Zen masters ask their disciples to meditate upon the sound of one hand clapping. The sound of one hand clapping is not possible – but they insist on it. If a meditator says that it is not possible, the master replies that the disciple should not bother about the possibility; he says that it is possible and that the disciple should first meditate for months upon the sound of one hand clapping – the possibility is not the question.
The meditator comes back again and again and reports that it is not possible; it has already been twenty-four hours. But the master replies that he should not worry about the possibility. “My question is: How does it sound?” He says, “Go and meditate.”
Months pass – one’s head starts feeling giddy, one’s mind starts feeling dizzy, everything stops within. After thinking and thinking and thinking it appears to be sheer madness, but then a moment comes when it is clear that no further thinking is possible. Thinking stops for a moment and the meditator rushes to say, “I have heard the sound of one hand clapping.”
As soon as thinking stops, the intrinsic nature of the self is revealed.
Search for the face which was there before your birth. It is not possible, because there was no face before birth – it is birth which gives birth to one’s face also – and there will be no face after death, because death takes away the face.
Think! A moment comes after thinking and thinking and thinking when thinking stops, the chain is broken, and then what is seen is the original face – that which is your very nature, that which existed before your birth and that which will be even after your death.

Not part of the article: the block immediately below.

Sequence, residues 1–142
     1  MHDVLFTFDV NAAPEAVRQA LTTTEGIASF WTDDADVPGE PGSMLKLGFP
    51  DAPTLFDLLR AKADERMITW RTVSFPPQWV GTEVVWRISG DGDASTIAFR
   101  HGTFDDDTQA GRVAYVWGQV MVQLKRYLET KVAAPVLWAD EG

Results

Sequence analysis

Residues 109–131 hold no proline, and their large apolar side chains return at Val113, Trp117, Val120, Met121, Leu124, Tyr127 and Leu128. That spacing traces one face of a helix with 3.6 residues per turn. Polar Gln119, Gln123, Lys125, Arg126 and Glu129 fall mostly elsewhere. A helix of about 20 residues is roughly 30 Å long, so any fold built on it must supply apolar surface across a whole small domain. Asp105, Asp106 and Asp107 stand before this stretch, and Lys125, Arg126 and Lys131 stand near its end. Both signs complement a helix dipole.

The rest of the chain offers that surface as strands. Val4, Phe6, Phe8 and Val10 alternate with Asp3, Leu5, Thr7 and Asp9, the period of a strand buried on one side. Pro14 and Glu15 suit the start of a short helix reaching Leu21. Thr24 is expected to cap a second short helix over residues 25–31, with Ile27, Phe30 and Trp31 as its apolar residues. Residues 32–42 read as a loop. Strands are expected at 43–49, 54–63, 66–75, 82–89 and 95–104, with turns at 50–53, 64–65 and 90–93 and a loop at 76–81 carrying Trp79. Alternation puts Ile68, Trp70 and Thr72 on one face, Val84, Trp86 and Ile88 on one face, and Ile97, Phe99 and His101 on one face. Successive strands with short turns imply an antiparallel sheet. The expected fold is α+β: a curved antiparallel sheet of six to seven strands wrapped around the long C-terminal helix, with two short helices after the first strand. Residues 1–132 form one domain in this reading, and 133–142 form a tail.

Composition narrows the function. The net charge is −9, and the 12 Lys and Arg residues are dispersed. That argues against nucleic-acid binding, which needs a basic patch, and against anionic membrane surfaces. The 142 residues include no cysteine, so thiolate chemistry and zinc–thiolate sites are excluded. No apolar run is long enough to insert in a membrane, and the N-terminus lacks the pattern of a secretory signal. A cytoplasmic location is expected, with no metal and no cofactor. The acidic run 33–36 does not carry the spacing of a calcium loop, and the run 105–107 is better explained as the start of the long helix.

The eternal consciousness,
which is beyond creation and destruction,
is called knowing.
Here knowing is equated to consciousness, not to the act of knowledge, because knowledge is always of some object. Here knowing means consciousness, enlightenment. The word knowledge has been contaminated, because we always tie it to the phenomenon of knowing some object.
If you are introduced as a man of great knowledge, immediately there will be a query about what is the subject of your knowledge.
If you say, “Nothing in particular, I am just a man of knowledge, that is all,” it will not be convincing to anybody. What does it mean? What do you know? They will want to know whether you know medical science or economics or philosophy or theology – in what subject are you a man of knowledge? But if you say, “No, I am just a man of knowledge,” this will appear to be a meaningless statement because for us knowledge always pertains to something, it is in relation to some object.